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  • Feeling Stone1
  • Jeffrey Jerome Cohen (bio)

Stone hurts—and not simply because rocks so easily become missiles. The lithic offers a blunt challenge to our belief that humans matter. Homo sapiens are a species perhaps 200,000 years old. Homo erectus and Homo habilis, two of our earliest ancestors, go back perhaps 2.5 million years. That seems a substantial span. If you were to count one number per second and never pause to sleep or eat, it would take about twelve days to reach one million. Two-and-a-half million is a month filled with incessant counting. Stone was the Earth's first solid. Geologists have identified bedrock that has endured at least 4.3 billion years. Some zircon crystals are older still. Every migrant continent harbors rocks of at least three-and-a-half billion years duration. At one number per second nonstop, almost 32 years are required to achieve one billion. Stone has more than 137 years on the month that has been attained by Homo sapiens and their immediate forebears. Geologic time has little to say to human temporalities. We have hardly yet to exist.

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Stone rebukes our anthropocentricity, our ingrained habit of regarding the world as if it were fashioned for our use, as if we were the most enduring of its occupants, a culmination rather than a flicker. We could not resist christening the Earth's primordial era the Hadean epoch, as if to domesticate this inhuman span into an underworld. Yet geology demands that we contemplate time in unfamiliar terms. The Hadean possesses no human content, nothing but gases and congealing rocks and the bare beginnings of organic life. A billion years in duration, the Hadean renders human history brief. Its mythologizing name does little to attenuate the challenge posed by stone, denizen of these earliest of terrestrial days. Though it might offer evidence of vanished life through ammonite shells and dinosaur bones, stone seems a dead substance, an archival material [End Page 23] well suited to memorials and grave markers. It erodes into clay and sand, but the process of its decomposition is so protracted that rock is our symbol for endurance, for stillness, for that which will not alter.

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And yet.

Though stone reproaches our vanity and makes us feel like latecomers, human hands cannot refrain from touching and transforming the substance. Much of our prehistory is known because of worlds shared with stone: Paleolithic windbreaks fashioned so that fires could blaze; flint axes sharpened for sport, war and industry; figures carved for gods or love. Some of our earliest artworks consist simply of a palm pressed against rock. This gesture seems transhistorical, transcultural. Cueva de las Manos in Argentina is the most famous, but handprints and outlines of hands are found worldwide, recordation of a universal impulse to lithic union and mineral amity. What memory is imprinted or activated by that encounter, what affect comes into being, what history awakens, what future worlds become possible? In that moment when human and stone meet, a transient organic creature and a durable, unyielding substance touch. How much commonality do they possess even before that encounter? Might both be artists, innovators, instigators of narrative, creatures of desire?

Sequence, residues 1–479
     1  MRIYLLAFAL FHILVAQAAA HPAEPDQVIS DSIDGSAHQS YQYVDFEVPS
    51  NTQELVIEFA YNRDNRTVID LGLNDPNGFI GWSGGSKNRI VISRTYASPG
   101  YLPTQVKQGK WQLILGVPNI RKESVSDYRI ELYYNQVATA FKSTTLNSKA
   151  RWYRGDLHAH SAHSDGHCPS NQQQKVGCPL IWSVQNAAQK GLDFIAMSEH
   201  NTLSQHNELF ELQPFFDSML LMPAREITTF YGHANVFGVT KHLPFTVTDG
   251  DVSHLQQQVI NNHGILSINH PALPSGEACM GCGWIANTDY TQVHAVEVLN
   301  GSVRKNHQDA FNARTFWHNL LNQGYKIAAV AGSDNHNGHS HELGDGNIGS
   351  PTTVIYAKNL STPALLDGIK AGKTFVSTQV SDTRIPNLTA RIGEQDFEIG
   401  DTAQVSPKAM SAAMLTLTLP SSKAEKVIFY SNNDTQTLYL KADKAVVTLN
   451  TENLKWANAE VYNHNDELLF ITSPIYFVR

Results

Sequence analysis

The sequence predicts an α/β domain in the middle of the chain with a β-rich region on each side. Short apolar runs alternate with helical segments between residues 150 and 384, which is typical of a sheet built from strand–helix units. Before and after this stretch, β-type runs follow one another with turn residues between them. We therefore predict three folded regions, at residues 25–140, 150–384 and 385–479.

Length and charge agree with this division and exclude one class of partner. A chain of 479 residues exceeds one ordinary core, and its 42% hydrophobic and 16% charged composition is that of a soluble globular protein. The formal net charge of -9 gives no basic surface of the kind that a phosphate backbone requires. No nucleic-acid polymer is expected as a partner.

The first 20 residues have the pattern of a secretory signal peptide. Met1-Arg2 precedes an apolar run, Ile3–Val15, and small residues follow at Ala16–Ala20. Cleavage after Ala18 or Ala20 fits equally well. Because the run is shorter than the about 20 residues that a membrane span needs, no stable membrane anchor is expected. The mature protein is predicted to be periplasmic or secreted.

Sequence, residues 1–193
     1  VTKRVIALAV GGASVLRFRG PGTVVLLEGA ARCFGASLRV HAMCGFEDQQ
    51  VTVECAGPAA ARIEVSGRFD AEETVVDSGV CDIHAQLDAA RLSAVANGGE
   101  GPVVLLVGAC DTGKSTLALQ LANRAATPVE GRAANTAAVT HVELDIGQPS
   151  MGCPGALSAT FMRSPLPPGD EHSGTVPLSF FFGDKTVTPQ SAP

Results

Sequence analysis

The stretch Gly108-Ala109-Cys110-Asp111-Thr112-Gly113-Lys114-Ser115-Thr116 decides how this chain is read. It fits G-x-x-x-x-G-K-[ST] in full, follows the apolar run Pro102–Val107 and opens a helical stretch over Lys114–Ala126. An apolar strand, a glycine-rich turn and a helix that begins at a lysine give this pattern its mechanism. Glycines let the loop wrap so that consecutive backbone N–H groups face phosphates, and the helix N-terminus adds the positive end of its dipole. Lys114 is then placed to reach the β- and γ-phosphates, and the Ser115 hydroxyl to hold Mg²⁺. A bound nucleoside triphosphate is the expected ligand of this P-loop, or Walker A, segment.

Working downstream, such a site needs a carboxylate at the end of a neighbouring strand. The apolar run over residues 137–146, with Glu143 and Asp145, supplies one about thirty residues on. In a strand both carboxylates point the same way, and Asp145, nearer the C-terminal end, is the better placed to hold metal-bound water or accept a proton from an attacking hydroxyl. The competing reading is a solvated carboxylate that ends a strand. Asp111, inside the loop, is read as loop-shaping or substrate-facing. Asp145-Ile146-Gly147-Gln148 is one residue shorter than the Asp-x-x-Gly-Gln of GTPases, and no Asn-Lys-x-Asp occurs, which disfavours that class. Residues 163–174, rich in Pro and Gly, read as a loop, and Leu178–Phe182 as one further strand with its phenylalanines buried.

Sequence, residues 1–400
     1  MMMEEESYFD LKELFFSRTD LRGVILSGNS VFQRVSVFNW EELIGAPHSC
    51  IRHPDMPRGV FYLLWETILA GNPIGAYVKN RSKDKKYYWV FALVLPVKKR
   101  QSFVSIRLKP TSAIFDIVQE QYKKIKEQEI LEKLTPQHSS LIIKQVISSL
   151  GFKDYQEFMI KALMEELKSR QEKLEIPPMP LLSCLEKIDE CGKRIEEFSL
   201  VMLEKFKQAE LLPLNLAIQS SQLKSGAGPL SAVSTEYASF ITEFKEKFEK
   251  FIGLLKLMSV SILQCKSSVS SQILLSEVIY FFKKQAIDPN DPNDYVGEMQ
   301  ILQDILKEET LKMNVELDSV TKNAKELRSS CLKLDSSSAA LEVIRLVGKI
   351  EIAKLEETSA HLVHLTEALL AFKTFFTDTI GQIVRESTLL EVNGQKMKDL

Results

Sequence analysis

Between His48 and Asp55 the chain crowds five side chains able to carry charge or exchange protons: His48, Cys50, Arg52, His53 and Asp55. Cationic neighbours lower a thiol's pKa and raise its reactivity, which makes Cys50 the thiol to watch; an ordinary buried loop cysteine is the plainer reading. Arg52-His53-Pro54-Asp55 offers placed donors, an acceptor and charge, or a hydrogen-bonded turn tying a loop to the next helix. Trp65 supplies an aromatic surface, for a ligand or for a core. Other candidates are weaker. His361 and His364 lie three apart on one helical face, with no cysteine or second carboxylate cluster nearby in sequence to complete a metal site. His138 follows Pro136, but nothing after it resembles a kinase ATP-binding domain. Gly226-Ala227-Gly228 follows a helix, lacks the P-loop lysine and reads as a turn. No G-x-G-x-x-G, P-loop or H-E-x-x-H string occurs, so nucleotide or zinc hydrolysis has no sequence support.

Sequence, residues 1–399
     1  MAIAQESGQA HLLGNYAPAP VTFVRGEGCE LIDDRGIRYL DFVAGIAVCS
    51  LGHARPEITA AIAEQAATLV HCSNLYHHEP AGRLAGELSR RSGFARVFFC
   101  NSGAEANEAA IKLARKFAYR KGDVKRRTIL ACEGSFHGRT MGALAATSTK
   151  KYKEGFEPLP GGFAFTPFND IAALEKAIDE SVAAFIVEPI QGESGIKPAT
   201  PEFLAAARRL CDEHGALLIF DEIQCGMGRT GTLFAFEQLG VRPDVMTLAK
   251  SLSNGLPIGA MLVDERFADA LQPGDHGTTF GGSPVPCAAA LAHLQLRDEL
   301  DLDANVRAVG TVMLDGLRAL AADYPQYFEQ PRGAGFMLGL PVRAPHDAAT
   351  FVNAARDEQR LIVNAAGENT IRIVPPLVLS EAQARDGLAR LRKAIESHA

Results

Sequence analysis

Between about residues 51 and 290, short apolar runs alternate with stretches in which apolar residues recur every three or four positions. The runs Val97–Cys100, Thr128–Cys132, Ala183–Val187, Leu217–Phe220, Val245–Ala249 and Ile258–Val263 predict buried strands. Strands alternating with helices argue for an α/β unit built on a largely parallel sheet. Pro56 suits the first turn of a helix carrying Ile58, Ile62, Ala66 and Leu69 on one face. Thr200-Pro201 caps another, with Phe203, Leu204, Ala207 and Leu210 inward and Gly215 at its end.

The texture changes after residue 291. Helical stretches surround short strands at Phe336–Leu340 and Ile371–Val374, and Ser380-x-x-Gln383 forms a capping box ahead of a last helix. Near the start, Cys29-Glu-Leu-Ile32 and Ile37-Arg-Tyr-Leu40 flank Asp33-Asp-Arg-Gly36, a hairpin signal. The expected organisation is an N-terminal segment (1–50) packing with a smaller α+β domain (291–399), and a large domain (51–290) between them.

Given stone's proverbial reticence, how to speak that story? If stones bear witness, they appear to do so in silence: a trigger to memory, a mute reminder of human histories, a passive catalyst to recollected story and emotion. Martin Heidegger famously captured this idea of the insensate lithic by describing stone as weltlos, worldless. Rock is taciturn, unfeeling, unyielding. Stone clearly conducts affect, but only because we have engraved or shaped the material to achieve sensory effects. Rock is passionless. "Stone hearted" and "cold as stone" are as much a part of our lithic vocabulary as various expressions for stony silence. Without a human hand to impress meaning upon it, stone would be blank, impassive, aloof. Immobile and sterile, stones do not do much. Or perhaps our lexicon for stone is impoverished. When observed within their particular and nonhuman duration, stones are forever on the move. Louis Agassiz and...


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pp. 23-35
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